Ethnographies of Life and Work: Researcher Series Ep. 2 Dr Mayumi FUKUNAGA | Tokyo College

Ethnographies of Life and Work: Researcher Series Ep. 2 Dr Mayumi FUKUNAGA

2021.04.20
SHAKUTO Shiori
SHAKUTO Shiori

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Graphic Recording ©Innovation Team dot Yuri Koganemaru

This piece is Episode 2 of the series, "Ethnographies of Life and Work: Researchers." The series invites researchers in and out of the University of Tokyo to share three images that represent "life" for them. Through the dialogue over these images, we explore the relationship between life and/in work. For the introduction to the series, see here

 

Regarding the Being and Exceeding the Boundaries

Interlocutor: FUKUNAGA Mayumi

Ethnography: SHAKUTO Shiori

Graphic recording: KOGANEMARU Yuri

 

Figure 1. Salmon that Prof. Fukunaga received as a gift from her fieldwork site

 

When you look at this picture, what kind of salmon do you think of?

Is it salmon you eat as part of your dinner?

Is it salmon as a resource?

Is it salmon that symbolizes nature conservation?

Professor Fukunaga imagines salmon that is engaged in a battle of love.

     Generally speaking, the teeth of male salmon are larger than those of females. If the teeth are impressive and if the face is intimidating, like the one in this picture, you can imagine the salmon must have been through countless battles over females, Professor Fukunaga says.

     She recently published a book, called “Futuring Salmon: Dreams of Marine Ranching Amidst the Ruins” (Fukunaga, 2019). Having visited Iwate Prefecture many times since before the Great East Japan Earthquake, in the book, she details the relationship between salmon and people involved in the artificial hatching and stocking of salmon. In salmon hatchery and stocking programs, salmon fry are released into the Pacific Ocean and caught four or five years later when they return to their home streams as adults. Salmon released into the ocean by humans exist between the definitions of wild and farmed. From that “between” state is how they have built a relationship with humans, Professor Fukunaga says. Her narrative about how she sees a love battle in the salmon’s teeth reminded me of that of the fisherman she introduces in the opening paragraph of her book. In his mind, “salmon always show up as equal partners he can exchange a range of emotions with. They glare at him, give him the cold shoulder, and even compete with him” (Fukunaga, 2019: ii).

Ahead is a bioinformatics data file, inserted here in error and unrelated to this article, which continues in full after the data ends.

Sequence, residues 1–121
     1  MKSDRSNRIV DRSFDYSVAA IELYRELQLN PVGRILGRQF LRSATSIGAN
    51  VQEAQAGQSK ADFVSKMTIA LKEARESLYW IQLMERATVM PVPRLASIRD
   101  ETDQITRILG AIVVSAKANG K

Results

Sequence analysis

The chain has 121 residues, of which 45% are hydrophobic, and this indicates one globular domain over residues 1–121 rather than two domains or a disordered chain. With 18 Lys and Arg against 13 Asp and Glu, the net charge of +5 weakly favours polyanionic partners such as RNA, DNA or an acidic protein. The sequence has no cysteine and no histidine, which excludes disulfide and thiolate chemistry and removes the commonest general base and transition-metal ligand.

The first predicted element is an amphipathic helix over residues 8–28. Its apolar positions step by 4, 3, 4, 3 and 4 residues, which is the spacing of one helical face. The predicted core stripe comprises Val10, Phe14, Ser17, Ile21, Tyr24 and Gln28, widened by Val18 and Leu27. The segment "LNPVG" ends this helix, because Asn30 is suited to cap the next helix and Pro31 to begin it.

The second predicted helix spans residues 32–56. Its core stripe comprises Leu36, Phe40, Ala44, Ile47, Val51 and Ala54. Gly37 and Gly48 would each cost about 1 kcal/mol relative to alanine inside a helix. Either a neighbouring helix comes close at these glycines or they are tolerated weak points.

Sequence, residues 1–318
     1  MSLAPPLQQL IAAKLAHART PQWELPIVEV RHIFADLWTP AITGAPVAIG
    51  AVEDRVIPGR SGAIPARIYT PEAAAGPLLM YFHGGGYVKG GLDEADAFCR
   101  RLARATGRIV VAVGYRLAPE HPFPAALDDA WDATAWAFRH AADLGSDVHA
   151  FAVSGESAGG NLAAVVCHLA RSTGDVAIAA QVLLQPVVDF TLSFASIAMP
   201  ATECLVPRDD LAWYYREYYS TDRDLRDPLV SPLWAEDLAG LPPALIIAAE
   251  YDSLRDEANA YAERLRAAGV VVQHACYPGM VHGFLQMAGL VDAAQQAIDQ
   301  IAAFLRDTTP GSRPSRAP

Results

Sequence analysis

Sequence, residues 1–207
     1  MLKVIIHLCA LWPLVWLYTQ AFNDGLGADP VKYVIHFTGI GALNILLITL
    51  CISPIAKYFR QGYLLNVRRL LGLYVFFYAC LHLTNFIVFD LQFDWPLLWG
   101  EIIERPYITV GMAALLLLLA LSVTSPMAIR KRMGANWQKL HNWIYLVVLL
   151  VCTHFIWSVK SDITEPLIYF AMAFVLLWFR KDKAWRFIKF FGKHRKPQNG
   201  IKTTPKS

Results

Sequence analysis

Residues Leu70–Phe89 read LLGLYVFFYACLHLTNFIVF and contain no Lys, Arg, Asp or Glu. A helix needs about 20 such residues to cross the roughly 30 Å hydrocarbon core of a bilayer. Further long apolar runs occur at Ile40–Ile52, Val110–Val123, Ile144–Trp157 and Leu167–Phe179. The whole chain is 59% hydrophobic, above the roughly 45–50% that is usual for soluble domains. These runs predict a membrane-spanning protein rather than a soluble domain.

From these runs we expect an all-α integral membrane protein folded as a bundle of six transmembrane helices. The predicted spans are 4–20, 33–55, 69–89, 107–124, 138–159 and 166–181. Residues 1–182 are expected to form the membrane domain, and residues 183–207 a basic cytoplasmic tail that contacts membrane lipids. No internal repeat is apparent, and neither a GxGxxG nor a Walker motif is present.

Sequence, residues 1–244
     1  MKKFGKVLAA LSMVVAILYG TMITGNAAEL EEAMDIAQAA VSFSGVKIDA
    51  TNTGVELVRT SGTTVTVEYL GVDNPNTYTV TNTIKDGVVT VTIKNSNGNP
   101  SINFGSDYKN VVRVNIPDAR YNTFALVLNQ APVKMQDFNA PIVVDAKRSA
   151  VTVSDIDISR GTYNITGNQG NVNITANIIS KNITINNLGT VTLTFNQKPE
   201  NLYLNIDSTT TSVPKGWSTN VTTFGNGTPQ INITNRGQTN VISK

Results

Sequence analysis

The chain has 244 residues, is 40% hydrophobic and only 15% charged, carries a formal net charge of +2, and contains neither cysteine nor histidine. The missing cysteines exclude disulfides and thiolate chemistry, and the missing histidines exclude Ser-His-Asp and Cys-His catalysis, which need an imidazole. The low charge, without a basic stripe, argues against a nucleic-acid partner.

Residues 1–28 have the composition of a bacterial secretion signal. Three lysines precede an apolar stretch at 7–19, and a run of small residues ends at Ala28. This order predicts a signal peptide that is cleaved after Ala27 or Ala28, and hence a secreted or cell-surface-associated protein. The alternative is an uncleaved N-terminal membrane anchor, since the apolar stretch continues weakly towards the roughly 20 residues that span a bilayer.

However, due to changes in the climate in recent years, there is increased uncertainty in the natural environment, and not as many salmon as usual have returned home. In an effort to ensure stable production of salmon, the Ministry of Fisheries and related parties are advancing the shift from hatchery releases to aquaculture; in other words, they are promoting a shift to complete farming. As the interactions between humans and salmon in the in-between of being wild and being farmed are coming to an end, Professor Fukunaga asks in her book, “What is a human being? What is a living thing? Within their relationship, how have they formed images of each other in their minds?”

     Professor Fukunaga’s field of specialty is environmental ethics, which studies the diverse relationships between humans and living creatures, and also the plurality of values that underpin them (Fukunaga, 2010: 7). According to her, in order to fully respect that plurality, it is important, “first and foremost, to recognize and interpret an ‘entity’ as at least an ‘entity,’ and not to discard that view because of someone else’s one-sided judgment” (Fukunaga, 2010: 7). The salmon that glared back at the fisherman is “different from a salmon that is treated as a number and converted into resources, cut and packaged salmon that is consumed as protein, or salmon that is symbolized as a subject for nature conservation” (Fukunaga, 2019: iii). Instead, it is “a salmon that faces humans as equals and negotiates with them, and to which respect must be paid” (Fukunaga, 2019: iii).